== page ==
My Friend is a Palestinian Bedouin: VI. Cultural Differences and the Intercultural Encounter

My Friend is a Palestinian Bedouin: VI. Cultural Differences and the Intercultural Encounter

Schwartz’s classification

The Israeli social psychologist Shalom Schwartz has studied personal values since the eighties in over 70 countries. His work was incorporated in the European Social Survey. He initially was concerned with values on the individual level, and only in recent years started to study the country level (Schwartz, 2011). He first described ten types of universal values: achievement, benevolence, conformity, hedonism, power, security, self-direction, stimulation, tradition, and universalism (Schwartz, 1992). He then provided a map of values on the country-level that is dissimilar from the one he developed for the individual level, and more sophisticated than the one suggested by Inglehart (Schwartz, 2006). Measured with the widely used Schwartz Value Survey, value orientations showed substantial structural similarity across individual and country levels (Fischer et al., 2010).

In his map of country-level values, Schwartz (2011) depicts three cultural dimensions. The first dimension, autonomy versus embeddedness, refers to the relationship between the person and the group.

In autonomy cultures, people are viewed as autonomous, bounded entities. They should cultivate and express their own preferences, feelings, ideas, and abilities, and find meaning in their own uniqueness. There are two types of autonomy: Intellectual autonomy encourages individuals to pursue their own ideas and intellectual directions independently. […] Affective autonomy encourages individuals to pursue affectively positive experience for themselves. […] In cultures with an emphasis on embeddedness, people are viewed as entities embedded in the collectivity. Meaning in life comes largely through social relationships, through identifying with the group, participating in its shared way of life, and striving toward its shared goals (p. 140).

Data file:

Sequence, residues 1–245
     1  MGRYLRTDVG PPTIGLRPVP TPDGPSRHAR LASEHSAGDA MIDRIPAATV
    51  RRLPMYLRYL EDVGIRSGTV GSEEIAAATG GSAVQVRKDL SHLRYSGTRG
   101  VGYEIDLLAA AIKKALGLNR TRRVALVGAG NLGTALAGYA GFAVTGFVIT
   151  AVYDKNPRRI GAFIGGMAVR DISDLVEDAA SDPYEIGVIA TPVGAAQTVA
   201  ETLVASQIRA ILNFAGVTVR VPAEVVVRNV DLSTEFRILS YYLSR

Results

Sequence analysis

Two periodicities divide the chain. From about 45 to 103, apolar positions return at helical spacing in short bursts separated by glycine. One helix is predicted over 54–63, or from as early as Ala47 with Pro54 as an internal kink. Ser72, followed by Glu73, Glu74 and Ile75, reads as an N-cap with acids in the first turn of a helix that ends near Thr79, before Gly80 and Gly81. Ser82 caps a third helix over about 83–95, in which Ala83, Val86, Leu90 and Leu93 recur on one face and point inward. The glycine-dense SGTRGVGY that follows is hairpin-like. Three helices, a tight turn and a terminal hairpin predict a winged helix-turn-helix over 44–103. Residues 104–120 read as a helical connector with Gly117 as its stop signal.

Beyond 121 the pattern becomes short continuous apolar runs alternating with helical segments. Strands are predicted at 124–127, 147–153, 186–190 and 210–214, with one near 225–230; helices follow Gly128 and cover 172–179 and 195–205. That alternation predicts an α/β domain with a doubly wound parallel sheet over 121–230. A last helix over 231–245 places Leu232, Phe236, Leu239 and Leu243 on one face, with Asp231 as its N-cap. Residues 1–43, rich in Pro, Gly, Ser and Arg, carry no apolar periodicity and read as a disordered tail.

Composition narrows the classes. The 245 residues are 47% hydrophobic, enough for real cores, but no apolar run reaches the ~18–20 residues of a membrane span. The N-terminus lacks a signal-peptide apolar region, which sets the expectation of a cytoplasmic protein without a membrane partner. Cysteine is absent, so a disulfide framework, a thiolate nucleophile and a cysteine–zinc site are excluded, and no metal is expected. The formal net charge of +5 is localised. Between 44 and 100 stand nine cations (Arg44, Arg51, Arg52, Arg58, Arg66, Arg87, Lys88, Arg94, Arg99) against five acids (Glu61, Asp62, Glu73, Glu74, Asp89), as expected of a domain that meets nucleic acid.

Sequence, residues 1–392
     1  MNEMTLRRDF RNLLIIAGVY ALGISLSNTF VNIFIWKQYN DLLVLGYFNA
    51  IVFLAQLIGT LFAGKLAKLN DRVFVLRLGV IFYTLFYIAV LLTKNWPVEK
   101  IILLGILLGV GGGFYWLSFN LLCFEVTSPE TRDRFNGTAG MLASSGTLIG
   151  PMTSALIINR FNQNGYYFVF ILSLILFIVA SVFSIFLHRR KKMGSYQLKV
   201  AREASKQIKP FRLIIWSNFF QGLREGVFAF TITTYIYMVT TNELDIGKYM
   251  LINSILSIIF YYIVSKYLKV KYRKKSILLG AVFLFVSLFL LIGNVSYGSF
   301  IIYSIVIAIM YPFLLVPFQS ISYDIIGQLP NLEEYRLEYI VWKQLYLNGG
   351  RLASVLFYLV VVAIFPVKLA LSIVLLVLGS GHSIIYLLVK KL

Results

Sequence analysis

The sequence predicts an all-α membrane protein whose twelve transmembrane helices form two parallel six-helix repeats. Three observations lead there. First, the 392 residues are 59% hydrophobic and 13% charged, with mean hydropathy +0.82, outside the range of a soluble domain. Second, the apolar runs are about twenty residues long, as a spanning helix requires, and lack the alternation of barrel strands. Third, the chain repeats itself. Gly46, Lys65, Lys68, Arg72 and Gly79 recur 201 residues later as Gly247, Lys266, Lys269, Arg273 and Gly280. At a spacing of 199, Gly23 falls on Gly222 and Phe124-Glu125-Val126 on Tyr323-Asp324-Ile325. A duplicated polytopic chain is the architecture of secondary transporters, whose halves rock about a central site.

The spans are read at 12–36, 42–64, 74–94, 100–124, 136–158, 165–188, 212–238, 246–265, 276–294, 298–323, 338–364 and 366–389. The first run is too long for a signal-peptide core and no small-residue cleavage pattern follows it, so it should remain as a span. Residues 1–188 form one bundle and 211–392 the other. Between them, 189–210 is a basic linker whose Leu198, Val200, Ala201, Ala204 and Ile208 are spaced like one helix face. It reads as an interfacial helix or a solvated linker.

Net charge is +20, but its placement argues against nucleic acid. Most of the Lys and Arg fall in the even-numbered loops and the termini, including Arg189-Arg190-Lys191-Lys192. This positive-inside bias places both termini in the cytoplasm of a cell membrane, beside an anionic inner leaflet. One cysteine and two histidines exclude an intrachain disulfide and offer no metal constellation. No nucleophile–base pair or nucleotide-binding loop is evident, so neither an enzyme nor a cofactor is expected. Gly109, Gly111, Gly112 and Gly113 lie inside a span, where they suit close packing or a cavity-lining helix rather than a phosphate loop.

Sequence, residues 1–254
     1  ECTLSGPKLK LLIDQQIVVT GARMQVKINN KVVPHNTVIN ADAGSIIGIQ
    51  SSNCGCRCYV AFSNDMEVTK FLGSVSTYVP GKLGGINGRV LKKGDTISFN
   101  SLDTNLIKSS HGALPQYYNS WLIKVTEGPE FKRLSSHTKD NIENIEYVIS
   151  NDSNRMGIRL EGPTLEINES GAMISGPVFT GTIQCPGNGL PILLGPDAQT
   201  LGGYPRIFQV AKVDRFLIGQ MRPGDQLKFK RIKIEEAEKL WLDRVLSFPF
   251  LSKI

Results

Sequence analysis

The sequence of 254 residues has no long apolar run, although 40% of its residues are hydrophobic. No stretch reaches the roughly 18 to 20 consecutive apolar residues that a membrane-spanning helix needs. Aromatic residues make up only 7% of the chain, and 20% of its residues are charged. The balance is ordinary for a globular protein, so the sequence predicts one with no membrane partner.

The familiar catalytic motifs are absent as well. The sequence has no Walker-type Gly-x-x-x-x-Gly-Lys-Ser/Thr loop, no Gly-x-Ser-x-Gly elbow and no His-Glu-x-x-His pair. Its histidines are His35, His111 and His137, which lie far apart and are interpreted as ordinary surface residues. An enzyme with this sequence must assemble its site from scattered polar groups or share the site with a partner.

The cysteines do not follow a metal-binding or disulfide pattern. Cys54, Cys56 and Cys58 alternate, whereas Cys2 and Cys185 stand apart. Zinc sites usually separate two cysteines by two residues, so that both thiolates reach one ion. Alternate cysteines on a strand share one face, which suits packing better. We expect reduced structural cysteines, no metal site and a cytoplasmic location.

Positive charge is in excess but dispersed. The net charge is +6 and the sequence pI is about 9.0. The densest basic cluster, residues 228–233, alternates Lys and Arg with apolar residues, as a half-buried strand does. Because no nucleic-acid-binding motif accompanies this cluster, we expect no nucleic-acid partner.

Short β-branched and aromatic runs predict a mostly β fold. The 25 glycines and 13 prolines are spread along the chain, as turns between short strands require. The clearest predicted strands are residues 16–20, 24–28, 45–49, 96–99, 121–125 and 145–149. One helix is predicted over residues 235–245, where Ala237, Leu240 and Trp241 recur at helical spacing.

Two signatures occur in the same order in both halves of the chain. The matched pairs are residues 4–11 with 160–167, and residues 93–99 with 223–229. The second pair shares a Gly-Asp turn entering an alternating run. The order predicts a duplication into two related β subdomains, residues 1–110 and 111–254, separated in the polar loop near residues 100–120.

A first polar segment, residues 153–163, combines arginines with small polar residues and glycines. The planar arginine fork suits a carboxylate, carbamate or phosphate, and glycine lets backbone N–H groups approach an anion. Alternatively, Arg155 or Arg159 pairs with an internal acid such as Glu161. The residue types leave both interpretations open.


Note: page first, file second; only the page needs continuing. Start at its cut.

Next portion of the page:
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About the Author

Daniel WeishutDaniel J.N. Weishut, born in the Netherlands but living in Jerusalem, is a professional with a diverse background. He holds an MA in Clinical Psychology and an MBA in Integrative Business Administration, both from the Hebrew University in Jerusalem, and a PsyD in Clinical and Organizational Psychology from the Professional School of Psychology (Sacramento). He has about thirty years of experience in consultation and therapy with a wide variety of clients and issues, more than twenty years of practice in group facilitation, and over fifteen years of know-how in governance and management in various organizations. Daniel Weishut offers his services as a "Partner on the Way", while taking a world-view that people are diverse but equal. He works with a variety of clients, but his special interest is in work with those who have found themselves persecuted or otherwise in conflict with their social environment, because of their culture, identity or belief system. For example: migrants, expats, refugees, Holocaust survivors, soldiers, pacifists, and individuals from religious, cultural or sexual minorities. Daniel Weishut is a social activist and in this capacity he volunteers as Chairperson of the Israeli Association of Group Psychotherapy, as Member of the Membership Appeals Committee of Amnesty International and as forensic expert for the Public Committee Against Torture in Israel. He also is involved in raising awareness about the situation of Bedouins around Jerusalem; awareness which led among others to the writing of his dissertation "My friend is a Palestinian Bedouin: Challenges and opportunities in intercultural friendship".

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